By Vivien Marx
CAMBRIDGE, Mass. — Cancer is a notoriously complex disease, but molecular methods and new approaches such as network modeling are helping to tease apart the mechanisms of the disease, according to speakers at a conference held here this week
At the Network Biology 2.0 conference, speakers underscored the degree to which the understanding of cancer is being empowered by molecular characterization projects and is accompanied by desire to select the right populations for clinical trials.
For example, William Sellers, vice president and global head of oncology research at Novartis Institutes for Biomedical Research, cited the use of molecular methods to enable the "rapid development" of Gleevec, and said that model is "one we hope to achieve over and over again."
He noted that the lack of robust methods to develop pre-clinical hypotheses has hampered drug discovery. In response, he and his colleagues are creating a "systematic collection of cancer models" that can be annotated in respect to various datasets, such as expression data, copy number variation, and other mutation data in order to align the models with the type of cancer being studied.
In addition, NIBR, the Broad Institute, and the Genomics Institute of the Novartis Research Foundation have launched the Cancer Cell Line Encyclopedia Project, which aims to molecularly characterize and perform compound profiling on 1,000 cell lines.
The goal is to profile these cell lines in an automated fashion and to develop informatics methods to build predictive algorithms, Sellers said.
The encyclopedia will be made public in late April or early May, he said. The publicly available version will not include any Novartis compound data, but will include information on 28 compounds in the public domain, as well as all the mutation data, SNP array data, mutation data, and expression data.
In another discussion, researchers highlighted the role that molecular tools have played in enabling increased granularity and segmentation in clinical trials.
W. Michael Korn, co-director of the Center for Molecular Oncology at the Helen Diller Family Comprehensive Cancer Center at the University of California, San Francisco, said that at this point most doctors are only aware of "driver mutations in a few subtypes of cancers." He added that network models should help elucidate how pathways function and should help identify subgroups.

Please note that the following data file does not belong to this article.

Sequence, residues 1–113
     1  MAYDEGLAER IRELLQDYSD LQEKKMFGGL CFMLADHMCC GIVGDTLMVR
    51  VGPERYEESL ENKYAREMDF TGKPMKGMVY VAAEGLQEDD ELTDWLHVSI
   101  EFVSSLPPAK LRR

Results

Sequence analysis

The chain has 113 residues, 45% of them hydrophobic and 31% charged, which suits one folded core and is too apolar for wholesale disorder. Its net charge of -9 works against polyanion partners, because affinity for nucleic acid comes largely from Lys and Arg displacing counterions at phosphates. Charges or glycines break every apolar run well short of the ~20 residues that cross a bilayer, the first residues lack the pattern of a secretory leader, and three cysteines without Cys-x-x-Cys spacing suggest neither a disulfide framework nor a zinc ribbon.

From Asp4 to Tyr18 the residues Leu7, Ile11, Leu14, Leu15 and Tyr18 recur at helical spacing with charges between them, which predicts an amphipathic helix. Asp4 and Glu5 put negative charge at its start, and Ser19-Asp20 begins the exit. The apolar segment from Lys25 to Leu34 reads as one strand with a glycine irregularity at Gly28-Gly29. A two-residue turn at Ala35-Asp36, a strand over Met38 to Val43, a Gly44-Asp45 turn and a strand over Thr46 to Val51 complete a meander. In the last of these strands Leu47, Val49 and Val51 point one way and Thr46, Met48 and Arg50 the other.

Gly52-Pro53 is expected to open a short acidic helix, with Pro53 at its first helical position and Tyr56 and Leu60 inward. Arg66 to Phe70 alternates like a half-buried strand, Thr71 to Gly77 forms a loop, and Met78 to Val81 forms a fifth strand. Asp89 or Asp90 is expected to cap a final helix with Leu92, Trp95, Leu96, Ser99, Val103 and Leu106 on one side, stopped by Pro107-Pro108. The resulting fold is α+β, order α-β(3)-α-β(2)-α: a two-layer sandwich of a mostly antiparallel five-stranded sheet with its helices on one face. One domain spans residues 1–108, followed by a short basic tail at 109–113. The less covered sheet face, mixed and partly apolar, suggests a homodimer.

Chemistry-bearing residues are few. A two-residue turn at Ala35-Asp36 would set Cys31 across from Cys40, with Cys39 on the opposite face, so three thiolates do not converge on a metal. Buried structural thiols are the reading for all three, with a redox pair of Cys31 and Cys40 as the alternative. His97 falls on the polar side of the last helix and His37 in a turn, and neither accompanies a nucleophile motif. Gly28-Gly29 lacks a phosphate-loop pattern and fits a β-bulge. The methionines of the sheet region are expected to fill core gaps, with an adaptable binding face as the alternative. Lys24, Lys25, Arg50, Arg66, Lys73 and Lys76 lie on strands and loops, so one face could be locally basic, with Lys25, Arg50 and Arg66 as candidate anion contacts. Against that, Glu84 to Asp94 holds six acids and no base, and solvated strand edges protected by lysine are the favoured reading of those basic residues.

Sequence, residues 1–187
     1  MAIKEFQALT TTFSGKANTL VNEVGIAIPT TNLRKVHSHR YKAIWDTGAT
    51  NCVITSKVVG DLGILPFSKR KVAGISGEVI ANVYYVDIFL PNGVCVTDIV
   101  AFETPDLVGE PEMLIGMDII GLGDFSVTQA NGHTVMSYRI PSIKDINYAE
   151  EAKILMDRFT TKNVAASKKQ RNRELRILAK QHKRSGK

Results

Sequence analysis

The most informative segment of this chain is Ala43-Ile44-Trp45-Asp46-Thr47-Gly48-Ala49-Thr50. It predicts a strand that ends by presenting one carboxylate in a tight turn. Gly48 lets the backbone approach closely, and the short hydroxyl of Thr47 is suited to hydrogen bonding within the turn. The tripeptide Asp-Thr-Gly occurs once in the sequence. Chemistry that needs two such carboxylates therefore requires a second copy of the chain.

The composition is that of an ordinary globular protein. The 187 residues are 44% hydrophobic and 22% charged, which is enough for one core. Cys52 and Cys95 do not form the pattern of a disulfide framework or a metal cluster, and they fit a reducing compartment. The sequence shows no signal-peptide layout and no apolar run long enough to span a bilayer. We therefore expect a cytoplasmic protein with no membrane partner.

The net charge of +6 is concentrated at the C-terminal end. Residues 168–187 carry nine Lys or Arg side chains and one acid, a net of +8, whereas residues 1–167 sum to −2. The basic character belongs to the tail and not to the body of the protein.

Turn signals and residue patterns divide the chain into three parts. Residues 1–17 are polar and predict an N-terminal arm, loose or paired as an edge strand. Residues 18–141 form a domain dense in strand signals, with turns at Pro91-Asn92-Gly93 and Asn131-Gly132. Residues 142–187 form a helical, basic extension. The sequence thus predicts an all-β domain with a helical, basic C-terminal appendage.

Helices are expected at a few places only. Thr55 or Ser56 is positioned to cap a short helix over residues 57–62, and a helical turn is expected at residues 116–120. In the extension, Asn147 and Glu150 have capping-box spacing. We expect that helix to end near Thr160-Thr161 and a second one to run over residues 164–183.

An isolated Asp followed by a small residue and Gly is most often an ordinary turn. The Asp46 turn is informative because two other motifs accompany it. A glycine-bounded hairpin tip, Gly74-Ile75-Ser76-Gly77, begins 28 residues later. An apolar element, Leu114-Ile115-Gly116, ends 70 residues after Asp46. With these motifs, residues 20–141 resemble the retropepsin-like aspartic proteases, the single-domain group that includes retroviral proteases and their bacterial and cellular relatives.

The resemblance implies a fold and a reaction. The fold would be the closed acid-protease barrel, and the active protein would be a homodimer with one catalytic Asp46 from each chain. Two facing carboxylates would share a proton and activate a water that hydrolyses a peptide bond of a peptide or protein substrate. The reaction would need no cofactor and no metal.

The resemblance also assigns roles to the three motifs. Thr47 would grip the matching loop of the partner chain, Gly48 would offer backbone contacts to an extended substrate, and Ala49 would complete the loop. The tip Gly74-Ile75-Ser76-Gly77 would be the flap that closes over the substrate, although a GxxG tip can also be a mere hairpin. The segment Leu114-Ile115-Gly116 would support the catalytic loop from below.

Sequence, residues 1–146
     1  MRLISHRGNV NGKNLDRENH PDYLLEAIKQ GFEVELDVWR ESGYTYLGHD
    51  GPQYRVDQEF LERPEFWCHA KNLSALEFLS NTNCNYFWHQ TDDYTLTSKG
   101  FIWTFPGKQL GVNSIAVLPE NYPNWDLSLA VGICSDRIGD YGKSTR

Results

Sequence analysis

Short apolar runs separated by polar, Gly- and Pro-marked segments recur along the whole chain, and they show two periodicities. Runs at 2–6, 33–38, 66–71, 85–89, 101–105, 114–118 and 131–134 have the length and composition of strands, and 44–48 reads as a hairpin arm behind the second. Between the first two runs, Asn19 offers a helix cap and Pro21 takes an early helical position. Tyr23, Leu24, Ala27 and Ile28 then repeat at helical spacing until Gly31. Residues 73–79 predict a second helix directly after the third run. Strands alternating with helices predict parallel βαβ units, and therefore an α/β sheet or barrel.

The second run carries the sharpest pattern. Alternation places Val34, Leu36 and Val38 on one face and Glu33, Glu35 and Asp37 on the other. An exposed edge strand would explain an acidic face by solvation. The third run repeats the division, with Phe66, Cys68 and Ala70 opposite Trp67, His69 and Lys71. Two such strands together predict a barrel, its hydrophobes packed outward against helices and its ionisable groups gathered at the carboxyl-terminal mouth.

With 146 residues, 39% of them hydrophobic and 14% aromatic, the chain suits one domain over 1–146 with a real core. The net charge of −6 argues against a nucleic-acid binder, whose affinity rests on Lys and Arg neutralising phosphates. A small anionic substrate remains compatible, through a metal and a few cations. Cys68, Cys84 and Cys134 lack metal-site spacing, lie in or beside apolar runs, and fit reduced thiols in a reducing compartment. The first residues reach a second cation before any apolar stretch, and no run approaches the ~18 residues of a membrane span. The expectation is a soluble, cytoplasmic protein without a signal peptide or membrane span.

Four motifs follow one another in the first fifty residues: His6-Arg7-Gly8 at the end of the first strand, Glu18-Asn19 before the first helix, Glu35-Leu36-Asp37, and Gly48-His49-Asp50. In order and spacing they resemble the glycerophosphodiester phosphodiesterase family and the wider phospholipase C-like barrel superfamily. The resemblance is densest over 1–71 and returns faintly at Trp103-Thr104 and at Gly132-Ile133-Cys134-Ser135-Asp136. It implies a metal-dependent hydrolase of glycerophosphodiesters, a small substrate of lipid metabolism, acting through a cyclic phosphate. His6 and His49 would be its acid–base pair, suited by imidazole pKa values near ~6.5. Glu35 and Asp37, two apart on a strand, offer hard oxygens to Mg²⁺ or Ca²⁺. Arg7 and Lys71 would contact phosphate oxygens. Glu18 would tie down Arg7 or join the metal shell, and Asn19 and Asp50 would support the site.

Korn said the mathematical approach might help scientists "find a shortcut" to a drug with a higher probability of response, but he and other speakers pointed out that pathways are not "like a linear diagram," but rather there is "pathway cross talk and feedback loops," all of which can have a "profound" impact on a targeted therapy.
Korn told BioInform that pharmaceutical firms are realizing the value of -omics data, and have an increased willingness to go after smaller patient populations.
Sandra Silberman, vice president of oncology and drug development partnerships and innovation at contract research organization Quintiles, agreed that industry is shifting its approach to drug development in order to integrate more -omics knowledge, but she noted that the application of network biology might have more success outside of pharmaceutical firms.
Pharma is now more "open minded" about network biology approaches, but financial concerns have been a barrier, she said.
She believes a firm like Quintiles can "take the risk" more readily than pharma can by forging partnerships with vendors and validating technologies such as network modeling.
The Network Biology 2.0 conference was sponsored by the Broad Institute, Boston Area Systems and Synthetic Biology, and Gene Network Sciences.